It reminded me of some of the things Tim Keller wrote in his superb Counterfeit Gods about the idolatry of political power – and it is worth quoting at length (bearing in mind that he is obviously talking about the US situation).

One of the signs that an object is functioning as an idol is that fear becomes one of the chief characteristics of life. When we center our lives on  the idol, we become dependent on it. If our counterfeit god is threatened in any way, our response is complete panic. We do not say, “What a shame, how difficult,” but rather “This is the end! There’s no hope!”

This may be a reason why so many people now respond to U.S. political trends in such an extreme way. When either party wins an election, a certain percentage of the losing side talks openly about leaving the country. They become agitated and fearful for the future. They have put the kind of hope in their political leaders and policies that once was reserved for God and the work of the gospel. When their political leaders are out of power they experience a death. They believe that if their policies and people are not in power, everything will fall apart. They refuse to admin how much agreement they actually have with the other party, and instead focus on the points of disagreement. The points of contention overshadow everything else, and a poisonous environment is created.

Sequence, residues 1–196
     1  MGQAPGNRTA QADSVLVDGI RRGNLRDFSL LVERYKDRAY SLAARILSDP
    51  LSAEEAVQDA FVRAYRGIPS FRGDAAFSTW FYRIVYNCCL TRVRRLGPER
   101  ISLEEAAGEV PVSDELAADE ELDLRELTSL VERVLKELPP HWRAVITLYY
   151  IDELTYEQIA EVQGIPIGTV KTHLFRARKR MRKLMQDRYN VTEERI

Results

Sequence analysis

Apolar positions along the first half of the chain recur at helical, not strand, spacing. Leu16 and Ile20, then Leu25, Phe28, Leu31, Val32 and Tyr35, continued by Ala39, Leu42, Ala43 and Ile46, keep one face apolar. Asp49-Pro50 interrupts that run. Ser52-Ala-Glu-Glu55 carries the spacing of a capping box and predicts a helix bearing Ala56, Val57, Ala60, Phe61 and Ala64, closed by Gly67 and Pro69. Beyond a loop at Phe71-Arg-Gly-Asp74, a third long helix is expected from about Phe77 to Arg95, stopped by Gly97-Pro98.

Another sign of idolatry in our politics is that opponents are not considered to be simply mistaken, but to be evil. After the last presidential election [i.e. 2008 election which Obama won], my  eighty-four-year-old mother observed, “It used to be that whoever was elected as your president, even if he wasn’t the one you voted for, he was still your president. That doesn’t seem to be the case any longer.” After each election, there is now a significant number of people who see the incoming president lacking moral legitimacy. The increasing political polarization and bitterness we see in U.S. politics today is a sign that we have made political activism into a form of religion. How does idolatry produce fear and demonization?

Dutch-Canadian philosopher Al Wolters taught that in the biblical view of things, the main problem in life is sin, and the only solution is God and his grace. The alternative to this view is to identify something besides sin as the main problem with the world and something besides God as the main remedy. That demonizaes something that is not completely bad, and makes an idol out of soemthing that cannot be the ultimate good. Wolters writes:

The great danger is to single out some aspect or phenomenon of God’s good creation and identify it, rather than the alien intrusion of sin, as the villain in the drama of human life… This “something” has been variously identified as … the body and its passions (Plato and much of Greek philosophy), culture in distinction from nature (Rousseau and Romanticism), institutional authority, especially in the state and the family (much of depth psychology), technology and management techniques (Heidegger and Ellul)… The Bible is unique in its uncompromising rejection of all attempts … to identify part of creation as either the villain or the savior.